April is autism awareness month, so it seems Netflix has several to choose from. [Tangent: It was a toss-up for me between this one and The United States of Autism, which I will likely get to next month. ] I really liked this doc a lot. It is sad and happy at the same time, and really gives you a glimpse inside people on the spectrum and their struggles with emotion and connection to others romantically. Because I work for a disability organization, I, of course, view it through that lens and can be a little critical in some areas. Example: Although the cover a spectrum of cases, they are all fairly high functioning and independent for the most part. They may not drive or live with a parent, but the majority hold jobs. [Tangent: In docs and reality programming, its pretty common for those profiled to be of higher ability levels. Some with autism are non-verbal or have additional behavioral issues. Dual diagnoses are very common.]  I really liked it and think if you love a disability love story like Monica and David, which I reviewed here, then you will like this. Also, you're gonna fall in love with the people in the doc. I am obsessed with Leonard's mom and couldn't stop staring at her large heat miser tattoo.

The Barkley Marathons (Netflix)- A
Oh. Dear. God. This one is a doozie. Generally a documentary about an outdoor endurance test wouldn't appeal to me at all, but it features my home state and lovable kooks, so I was on board immediately. [Tangent: Plus my friend Rae gave it her thumbs up, so I knew I was in for a good time..and not just your average sports doc.] To preface, I don't even like to go out to my car if it's raining outside, so I cannot fathom why someone would like to do a non-stop all-weather 100 mile race through rough terrain. The race itself is bananas and a complete fever dream, which is exactly what you would expect from two dudes named Lazarus Lake and Raw Dog...probably not his Christian Name.  These men, who my dad would've referred to as "characters," are the ones who conceived of the bat shit human sacrifice known as The Barkley Marathons. I think you'll like it.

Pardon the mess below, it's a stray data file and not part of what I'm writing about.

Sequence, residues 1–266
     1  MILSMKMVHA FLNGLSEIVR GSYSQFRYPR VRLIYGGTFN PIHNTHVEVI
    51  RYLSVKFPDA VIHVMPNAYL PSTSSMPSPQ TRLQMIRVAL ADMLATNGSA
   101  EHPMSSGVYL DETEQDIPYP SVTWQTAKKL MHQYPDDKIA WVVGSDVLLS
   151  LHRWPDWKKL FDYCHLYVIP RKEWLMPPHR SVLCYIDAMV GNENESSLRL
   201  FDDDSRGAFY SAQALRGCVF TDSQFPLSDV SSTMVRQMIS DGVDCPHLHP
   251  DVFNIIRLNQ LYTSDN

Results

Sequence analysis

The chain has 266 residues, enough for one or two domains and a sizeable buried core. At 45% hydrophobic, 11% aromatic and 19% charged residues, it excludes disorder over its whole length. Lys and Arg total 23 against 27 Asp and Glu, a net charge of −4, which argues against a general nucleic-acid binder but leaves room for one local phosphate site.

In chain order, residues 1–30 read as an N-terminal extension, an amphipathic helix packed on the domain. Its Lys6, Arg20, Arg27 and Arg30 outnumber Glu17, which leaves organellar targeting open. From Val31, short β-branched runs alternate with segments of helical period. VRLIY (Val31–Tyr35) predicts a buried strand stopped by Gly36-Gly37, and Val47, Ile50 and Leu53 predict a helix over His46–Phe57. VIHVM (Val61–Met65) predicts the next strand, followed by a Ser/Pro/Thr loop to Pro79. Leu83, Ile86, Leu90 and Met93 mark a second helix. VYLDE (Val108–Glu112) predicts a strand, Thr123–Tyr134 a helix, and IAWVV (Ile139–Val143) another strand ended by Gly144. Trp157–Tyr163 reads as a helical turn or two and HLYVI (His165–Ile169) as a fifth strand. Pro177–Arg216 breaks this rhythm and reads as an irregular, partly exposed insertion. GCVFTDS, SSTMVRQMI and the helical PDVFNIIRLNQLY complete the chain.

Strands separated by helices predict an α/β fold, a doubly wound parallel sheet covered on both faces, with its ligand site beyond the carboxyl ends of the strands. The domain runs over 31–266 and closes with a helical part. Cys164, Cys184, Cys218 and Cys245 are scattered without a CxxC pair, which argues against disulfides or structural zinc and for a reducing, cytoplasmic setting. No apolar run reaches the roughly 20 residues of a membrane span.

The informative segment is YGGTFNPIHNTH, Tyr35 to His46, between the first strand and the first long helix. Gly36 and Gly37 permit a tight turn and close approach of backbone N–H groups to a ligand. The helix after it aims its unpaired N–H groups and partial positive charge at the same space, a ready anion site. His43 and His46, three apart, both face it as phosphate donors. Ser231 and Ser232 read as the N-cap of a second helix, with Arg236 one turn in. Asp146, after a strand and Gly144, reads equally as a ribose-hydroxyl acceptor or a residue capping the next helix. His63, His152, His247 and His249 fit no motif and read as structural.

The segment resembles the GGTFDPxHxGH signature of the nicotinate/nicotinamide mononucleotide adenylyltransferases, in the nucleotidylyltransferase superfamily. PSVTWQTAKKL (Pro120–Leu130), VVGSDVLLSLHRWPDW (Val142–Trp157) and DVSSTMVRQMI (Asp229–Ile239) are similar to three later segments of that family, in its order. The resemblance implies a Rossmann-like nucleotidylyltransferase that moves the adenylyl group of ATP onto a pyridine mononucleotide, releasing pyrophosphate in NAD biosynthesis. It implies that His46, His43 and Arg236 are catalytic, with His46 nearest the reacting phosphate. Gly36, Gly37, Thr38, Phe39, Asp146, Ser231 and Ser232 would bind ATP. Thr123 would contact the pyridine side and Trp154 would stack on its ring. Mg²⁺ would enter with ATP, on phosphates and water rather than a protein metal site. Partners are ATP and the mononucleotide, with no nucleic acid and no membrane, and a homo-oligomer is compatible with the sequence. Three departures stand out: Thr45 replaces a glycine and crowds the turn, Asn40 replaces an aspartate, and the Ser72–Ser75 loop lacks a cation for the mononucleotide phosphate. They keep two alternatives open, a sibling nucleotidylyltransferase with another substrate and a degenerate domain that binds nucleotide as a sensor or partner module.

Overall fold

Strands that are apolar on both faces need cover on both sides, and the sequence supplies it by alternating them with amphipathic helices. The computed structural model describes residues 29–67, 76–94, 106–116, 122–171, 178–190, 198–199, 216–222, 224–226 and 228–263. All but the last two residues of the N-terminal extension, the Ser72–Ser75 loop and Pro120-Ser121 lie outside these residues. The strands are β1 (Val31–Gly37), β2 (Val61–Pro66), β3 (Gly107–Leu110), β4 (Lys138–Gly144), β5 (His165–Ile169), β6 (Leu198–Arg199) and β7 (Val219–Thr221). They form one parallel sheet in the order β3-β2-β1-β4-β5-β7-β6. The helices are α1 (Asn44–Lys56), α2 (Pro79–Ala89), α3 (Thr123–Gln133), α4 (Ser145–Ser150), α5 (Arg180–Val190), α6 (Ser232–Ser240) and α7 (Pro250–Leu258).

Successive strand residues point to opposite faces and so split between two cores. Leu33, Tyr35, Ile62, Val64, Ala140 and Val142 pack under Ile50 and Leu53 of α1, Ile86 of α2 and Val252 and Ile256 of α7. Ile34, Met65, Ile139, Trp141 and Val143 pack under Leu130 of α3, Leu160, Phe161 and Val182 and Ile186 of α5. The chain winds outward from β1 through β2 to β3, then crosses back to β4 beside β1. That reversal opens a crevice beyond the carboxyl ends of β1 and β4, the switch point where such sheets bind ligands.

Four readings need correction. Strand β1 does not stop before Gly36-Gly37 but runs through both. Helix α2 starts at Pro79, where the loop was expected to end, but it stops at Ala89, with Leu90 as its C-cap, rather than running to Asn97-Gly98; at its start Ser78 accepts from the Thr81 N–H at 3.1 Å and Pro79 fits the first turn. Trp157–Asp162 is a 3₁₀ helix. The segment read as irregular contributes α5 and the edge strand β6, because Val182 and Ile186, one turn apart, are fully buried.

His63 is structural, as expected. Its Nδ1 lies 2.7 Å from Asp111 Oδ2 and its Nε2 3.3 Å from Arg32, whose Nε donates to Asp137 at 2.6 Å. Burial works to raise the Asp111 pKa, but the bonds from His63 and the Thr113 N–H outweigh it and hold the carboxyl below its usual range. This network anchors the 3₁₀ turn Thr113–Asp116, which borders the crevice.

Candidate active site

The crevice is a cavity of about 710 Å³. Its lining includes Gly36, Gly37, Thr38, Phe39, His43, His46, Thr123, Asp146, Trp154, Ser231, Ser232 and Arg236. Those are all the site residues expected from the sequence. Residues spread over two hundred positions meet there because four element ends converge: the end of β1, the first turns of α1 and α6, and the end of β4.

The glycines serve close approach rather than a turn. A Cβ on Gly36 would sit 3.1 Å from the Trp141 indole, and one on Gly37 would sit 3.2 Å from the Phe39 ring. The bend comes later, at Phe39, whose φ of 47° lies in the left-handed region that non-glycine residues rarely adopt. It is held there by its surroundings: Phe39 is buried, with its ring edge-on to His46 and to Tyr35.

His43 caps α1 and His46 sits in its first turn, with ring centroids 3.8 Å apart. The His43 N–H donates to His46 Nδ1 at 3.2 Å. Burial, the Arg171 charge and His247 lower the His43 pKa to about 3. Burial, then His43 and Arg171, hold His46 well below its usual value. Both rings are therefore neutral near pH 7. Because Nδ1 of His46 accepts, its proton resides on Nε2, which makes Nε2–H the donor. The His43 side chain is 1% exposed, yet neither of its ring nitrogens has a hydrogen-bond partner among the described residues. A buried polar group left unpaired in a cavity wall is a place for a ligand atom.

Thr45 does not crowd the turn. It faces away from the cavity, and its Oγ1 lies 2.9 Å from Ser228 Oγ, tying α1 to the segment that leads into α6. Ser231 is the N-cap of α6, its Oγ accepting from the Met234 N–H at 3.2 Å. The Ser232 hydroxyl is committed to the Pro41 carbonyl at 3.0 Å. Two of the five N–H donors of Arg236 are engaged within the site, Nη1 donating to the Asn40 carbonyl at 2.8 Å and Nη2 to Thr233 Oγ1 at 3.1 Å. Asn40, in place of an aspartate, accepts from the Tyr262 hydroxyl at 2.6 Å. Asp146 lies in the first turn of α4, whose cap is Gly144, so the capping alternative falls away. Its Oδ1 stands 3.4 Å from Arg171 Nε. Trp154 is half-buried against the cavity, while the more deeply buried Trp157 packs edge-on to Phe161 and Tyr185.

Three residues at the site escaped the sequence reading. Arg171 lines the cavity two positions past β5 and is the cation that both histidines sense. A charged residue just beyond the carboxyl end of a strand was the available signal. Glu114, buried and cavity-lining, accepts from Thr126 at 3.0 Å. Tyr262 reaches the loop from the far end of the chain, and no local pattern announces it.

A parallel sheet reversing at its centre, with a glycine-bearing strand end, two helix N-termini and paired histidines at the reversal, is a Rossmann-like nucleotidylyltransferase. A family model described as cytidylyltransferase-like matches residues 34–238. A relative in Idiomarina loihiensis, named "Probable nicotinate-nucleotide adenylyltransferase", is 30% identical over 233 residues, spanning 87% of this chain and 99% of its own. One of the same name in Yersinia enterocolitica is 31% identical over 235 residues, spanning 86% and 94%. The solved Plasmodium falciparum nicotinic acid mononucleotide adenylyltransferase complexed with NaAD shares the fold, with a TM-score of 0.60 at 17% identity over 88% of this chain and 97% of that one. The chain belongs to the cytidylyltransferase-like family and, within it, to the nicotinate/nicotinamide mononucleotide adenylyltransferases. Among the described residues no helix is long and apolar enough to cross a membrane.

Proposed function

Plastic Galaxy (Amazon Prime Streaming)-C
My boyfriend loves a good toy and amassed an impressive Star Wars collection as any boy would in the early 80s and I love docs about obsessive fandom...so this movie, found on Amazon streaming, seemed like a safe bet for entertainment we could agree on.  On a whole, I dug it. There were parts, as a very casual Star Wars fan (as in hasn't even seen all the movies) that I didn't care about, but I enjoyed the story of how these toys were kind of the unlikely beginning to crazy movie merchandising. It was interested to see how many companies passed on the rights. Again, I think if I actually played with these toys as a kid, I might have been more into it. [Tangent: My brothers did have the death star and all its inhabitants, but I was off having my barbies and his WWF figures kissing and putting on productions of Cinderella to be bothered.]

Finding Vivian Maier (Netflix)- A+
I love this movie. I love anything that is a big of an unraveling mystery. The movie profiles a young man who bought a Storage Wars style lot at an auction, which included boxes and boxes of undeveloped film and slides from an unknown photographer, Vivian Maier. In development, he found her art to be ahead of its time, but could find nothing about the enigmatic woman behind the camera. Through this documentary, he is working to uncover who she is/was through travel, research and mostly interview. It was so perfect that I almost wondered if it was a setup, as I do with most things that are too good to be true. I now am following Vivian Maier on Facebook and want to go see her work in a gallery.

The Hunting Ground (Netflix)- A+
Like a lot of folks, I became acquainted with this doc after crying disgusting amounts of saline during Lady Gaga's performance at the 2016 Oscars of "Til It Happens to You." My major mistake was watching this movie when I was going to sleep, because it took me 6 days to watch it in segments (and likely caused me to have some awful dreams), but I stuck it out and I'm glad I did. The movie, about the rape culture on college campuses will piss you off. It definitely is well put together and hopefully will make some waves in universities so that they will be pushed for change. It was great to see many of these women (and men) find strength after being ignored by administration. The sheer volume of stories that all end in a faculty member victim blaming them was astounding!!